• Chromium Picolinate, Chromium Polynicotinate, Chromium Chloride, High-Chromium Brewer's Yeast
• ]]>Diabetes]]>, Insulin Resistance and Abnormal Glucose Tolerance, ]]>Heart Disease Prevention]]>
• ]]>Acne]]>, ]]>Depression]]>, Functional Hypoglycemia, ]]>High Cholesterol]]>, ]]>Migraine Headaches]]>, ]]>Sports Performance Enhancement]]>, ]]>Psoriasis]]>, ]]>Metabolic Syndrome (Syndrome X)]]>, ]]>Weight Loss ("Fat Burning")]]>
Chromium is a mineral the body needs in very small amounts, but it plays a significant role in human nutrition. Chromium's most important function in the body is to help regulate the amount of glucose (sugar) in the blood. Insulin plays a starring role in this fundamental biological process, by regulating the movement of glucose out of the blood and into cells. Scientists believe that insulin uses chromium as an assistant (technically, a cofactor ) to "unlock the door" to the cell membrane, thus allowing glucose to enter the cell. In the past, it was believed that to accomplish this the body first converted chromium into a large chemical called glucose tolerance factor (GTF). Intact GTF was thought to be present in certain foods, such as Brewer’s yeast, and for that reason such products were described as superior sources of chromium. However, subsequent investigation indicated that researchers were actually creating GTF inadvertently during the process of chemical analysis. Scientists now believe that there is no such thing as GTF. Rather, chromium appears to act in concert with a very small protein called low molecular weight chromium-binding substance (LMWCr) to assist insulin's action. LMWCr does not permanently bind chromium and is not a likely source of chromium in foods. ]]>83-85]]>
Based on chromium's close relationship with insulin, this trace mineral has been studied as a treatment for diabetes. The results have been somewhat positive: it seems fairly likely that chromium supplements can improve blood sugar control in people with diabetes. Chromium also might be helpful for milder abnormalities in blood sugar metabolism. One study suggests that chromium might aid in weight loss, as well, but other studies failed to find this effect.
The official US recommendations for daily intake are as follows:
- 0-6 months: 0.2 mcg
- 7-12 months: 5.5 mcg
- 1-3 years: 11 mcg
- 4-8 years: 15 mcg
- 9-13 years: 25 mcg
- 14-50 years: 35 mcg
- 50 years and older: 30 mcg
- 9-13 years: 21 mcg
- 14-18 years: 24 mcg
- 19-50 years: 25 mcg
- 50 years and older: 20 mcg
- Pregnant Women
- 18 years or younger: 29 mcg
- 19 years and older: 30 mcg
- Nursing Women
- 18 years or younger: 44 mcg
- 19 years and older: 45 mcg
Some evidence suggests that chromium deficiency may be relatively common. 1,86]]> However, this has not been proven, and the matter is greatly complicated by the fact that we lack a good test to identify chromium deficiency. ]]>2]]>
Severe chromium deficiency has only been seen in hospitalized individuals receiving nutrition intravenously. Symptoms include problems with blood sugar control that cannot be corrected by insulin alone.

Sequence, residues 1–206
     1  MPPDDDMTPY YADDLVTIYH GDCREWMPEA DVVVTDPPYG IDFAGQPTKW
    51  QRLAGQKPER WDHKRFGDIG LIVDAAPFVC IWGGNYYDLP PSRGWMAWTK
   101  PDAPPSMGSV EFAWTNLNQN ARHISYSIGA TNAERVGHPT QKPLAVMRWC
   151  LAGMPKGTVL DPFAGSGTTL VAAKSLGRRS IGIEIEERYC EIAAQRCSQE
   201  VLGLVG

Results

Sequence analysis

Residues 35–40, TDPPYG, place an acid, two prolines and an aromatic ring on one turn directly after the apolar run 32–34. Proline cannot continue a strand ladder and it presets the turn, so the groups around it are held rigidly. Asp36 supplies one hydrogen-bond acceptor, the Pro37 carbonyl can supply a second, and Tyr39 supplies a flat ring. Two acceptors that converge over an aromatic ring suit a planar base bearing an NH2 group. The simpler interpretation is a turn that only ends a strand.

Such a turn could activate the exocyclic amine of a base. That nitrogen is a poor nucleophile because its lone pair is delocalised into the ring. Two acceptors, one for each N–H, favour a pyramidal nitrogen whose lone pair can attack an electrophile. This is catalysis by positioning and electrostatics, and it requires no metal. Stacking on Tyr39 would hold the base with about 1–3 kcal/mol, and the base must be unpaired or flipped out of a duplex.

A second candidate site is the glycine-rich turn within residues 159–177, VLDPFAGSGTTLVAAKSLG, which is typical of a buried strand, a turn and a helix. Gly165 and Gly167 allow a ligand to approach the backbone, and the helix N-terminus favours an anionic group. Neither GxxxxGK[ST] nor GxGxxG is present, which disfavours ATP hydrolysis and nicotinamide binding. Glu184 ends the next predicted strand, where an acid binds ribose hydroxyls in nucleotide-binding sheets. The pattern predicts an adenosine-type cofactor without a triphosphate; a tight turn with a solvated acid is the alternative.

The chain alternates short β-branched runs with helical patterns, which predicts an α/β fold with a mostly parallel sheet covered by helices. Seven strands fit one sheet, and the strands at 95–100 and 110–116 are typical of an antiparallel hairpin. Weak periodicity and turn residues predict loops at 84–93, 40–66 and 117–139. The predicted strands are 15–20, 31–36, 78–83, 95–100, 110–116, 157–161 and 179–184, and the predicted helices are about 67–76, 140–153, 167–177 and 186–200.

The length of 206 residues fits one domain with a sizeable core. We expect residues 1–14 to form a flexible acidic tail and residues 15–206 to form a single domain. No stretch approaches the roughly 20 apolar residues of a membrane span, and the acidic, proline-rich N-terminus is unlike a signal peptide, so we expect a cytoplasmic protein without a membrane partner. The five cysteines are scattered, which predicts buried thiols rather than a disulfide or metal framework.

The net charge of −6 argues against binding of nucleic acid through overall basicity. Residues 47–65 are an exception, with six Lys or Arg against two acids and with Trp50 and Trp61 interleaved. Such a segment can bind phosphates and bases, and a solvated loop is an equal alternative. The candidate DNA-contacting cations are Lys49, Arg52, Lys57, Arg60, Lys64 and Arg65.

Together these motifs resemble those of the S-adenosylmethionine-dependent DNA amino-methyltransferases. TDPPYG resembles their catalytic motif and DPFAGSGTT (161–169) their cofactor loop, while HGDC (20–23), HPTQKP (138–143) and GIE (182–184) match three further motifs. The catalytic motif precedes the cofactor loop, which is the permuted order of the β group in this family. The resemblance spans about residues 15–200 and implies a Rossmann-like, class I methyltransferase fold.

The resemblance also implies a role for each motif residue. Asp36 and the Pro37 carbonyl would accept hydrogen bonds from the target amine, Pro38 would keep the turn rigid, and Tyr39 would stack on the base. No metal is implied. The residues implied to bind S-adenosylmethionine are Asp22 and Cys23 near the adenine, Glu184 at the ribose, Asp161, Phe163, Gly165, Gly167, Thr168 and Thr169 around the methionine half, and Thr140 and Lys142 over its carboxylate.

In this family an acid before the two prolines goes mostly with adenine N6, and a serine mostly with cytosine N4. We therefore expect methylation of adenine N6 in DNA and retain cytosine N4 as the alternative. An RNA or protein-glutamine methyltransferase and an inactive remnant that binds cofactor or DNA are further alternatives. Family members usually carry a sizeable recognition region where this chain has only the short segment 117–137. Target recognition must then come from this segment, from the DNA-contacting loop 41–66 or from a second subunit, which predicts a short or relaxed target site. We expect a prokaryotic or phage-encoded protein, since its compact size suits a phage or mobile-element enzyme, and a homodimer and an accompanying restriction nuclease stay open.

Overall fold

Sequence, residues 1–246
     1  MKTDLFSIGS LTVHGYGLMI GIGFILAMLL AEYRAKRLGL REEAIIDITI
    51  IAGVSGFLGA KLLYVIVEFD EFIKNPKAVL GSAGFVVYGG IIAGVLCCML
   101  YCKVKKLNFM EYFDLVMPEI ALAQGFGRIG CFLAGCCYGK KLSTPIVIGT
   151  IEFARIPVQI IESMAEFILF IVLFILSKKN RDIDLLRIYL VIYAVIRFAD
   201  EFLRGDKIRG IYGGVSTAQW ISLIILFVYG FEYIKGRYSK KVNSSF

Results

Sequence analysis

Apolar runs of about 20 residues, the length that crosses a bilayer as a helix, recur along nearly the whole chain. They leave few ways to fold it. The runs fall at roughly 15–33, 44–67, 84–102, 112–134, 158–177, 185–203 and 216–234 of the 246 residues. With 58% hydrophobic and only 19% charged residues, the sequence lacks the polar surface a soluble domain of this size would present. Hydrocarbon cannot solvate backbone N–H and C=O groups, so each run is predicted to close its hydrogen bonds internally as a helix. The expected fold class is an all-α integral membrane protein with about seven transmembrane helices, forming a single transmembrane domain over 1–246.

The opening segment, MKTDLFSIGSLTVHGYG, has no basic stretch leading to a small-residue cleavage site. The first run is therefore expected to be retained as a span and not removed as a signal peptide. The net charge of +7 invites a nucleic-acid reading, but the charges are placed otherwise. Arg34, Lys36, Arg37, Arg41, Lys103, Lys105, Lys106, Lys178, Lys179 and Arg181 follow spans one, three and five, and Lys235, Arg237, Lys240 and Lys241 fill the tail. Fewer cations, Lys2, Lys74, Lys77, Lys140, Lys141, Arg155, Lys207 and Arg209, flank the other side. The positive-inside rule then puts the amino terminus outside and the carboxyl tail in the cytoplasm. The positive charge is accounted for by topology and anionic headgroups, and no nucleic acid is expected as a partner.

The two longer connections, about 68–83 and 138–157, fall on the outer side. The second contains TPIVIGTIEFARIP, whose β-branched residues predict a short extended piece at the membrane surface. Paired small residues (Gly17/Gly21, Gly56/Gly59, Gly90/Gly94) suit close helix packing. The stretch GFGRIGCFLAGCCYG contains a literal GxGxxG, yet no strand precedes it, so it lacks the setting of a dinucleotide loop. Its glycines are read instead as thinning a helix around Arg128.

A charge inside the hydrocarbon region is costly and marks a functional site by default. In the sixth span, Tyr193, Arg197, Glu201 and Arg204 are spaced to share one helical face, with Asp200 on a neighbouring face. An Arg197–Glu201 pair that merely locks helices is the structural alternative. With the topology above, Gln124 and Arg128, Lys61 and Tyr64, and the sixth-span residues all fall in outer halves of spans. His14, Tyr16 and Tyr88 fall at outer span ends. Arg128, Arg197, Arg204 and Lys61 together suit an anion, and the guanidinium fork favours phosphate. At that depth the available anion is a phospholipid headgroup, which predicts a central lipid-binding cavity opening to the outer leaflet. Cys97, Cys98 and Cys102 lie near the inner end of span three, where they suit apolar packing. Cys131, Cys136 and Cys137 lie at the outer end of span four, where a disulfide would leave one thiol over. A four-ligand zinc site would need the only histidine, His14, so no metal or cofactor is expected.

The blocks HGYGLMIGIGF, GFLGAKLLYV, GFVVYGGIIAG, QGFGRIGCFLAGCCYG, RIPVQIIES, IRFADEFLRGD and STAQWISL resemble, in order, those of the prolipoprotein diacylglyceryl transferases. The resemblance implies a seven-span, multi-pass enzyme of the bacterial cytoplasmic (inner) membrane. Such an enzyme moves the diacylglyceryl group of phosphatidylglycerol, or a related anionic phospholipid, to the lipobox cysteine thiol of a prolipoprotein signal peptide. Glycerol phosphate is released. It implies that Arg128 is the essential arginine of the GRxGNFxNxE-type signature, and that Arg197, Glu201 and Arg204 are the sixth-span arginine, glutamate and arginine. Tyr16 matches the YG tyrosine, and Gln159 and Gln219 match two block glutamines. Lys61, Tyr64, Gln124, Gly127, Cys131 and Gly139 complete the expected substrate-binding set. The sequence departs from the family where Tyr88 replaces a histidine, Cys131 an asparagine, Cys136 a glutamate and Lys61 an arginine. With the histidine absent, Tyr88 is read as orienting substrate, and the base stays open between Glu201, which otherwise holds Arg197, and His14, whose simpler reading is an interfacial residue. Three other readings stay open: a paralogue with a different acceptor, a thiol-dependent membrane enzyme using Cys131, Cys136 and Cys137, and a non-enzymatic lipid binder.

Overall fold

Corticosteroid treatment may cause increased chromium loss in the urine. ]]>3]]> It is possible that this loss of chromium may contribute to corticosteroid-induced diabetes.
Chromium is found in drinking water, especially hard water, but concentrations vary widely. Many good sources of chromium, such as whole wheat, are depleted of this important mineral during processing. The most concentrated sources of chromium are brewer's yeast (not nutritional or torula yeast) and calf liver. Two ounces of brewer's yeast or 4 ounces of calf liver supply between 50 mcg and 60 mcg of chromium. Other good sources of chromium are whole grains, beer, and cheese.
The dosage of chromium used in studies ranges from 200 mcg to 1,000 mcg daily, mostly in the form of chromium picolinate. However, there may be potential risks in the higher dosages of chromium (see Safety Issues]]> ).
Note: These and all other dosages of chromium regard the amount of the actual chromium ion in the supplement (“elemental chromium”), discounting the weight of the substances, such as picolinate, attached to it.
Some products state that they contain “GTF chromium.” Some of these products are manufactured from brewer’s yeast, which was once thought to contain GTF. Others contain chromium as chromium nicotinate, which bears a faint resemblance to the proposed GTF molecule. However, since GTF is no longer believed to exist, this claim should be disregarded.
Chromium has principally been studied for its possible benefits in improving blood sugar control in people with diabetes]]> . Several, but not all, studies suggest that people with adult-onset (type 2) diabetes may show some improvement when given appropriate dosages of chromium. ]]>5,43,44,45,47-48,102]]> One study suggests that chromium may also be useful for diabetes that occurs during ]]>pregnancy]]> . ]]>6]]> In addition, nondiabetic individuals with mildly impaired blood sugar control might attain better control of blood sugar with chromium supplementation. ]]>7-10]]> Since mild impairment of blood sugar control is believed to increase risk of heart disease, chromium supplementation might help reduce heart disease rates.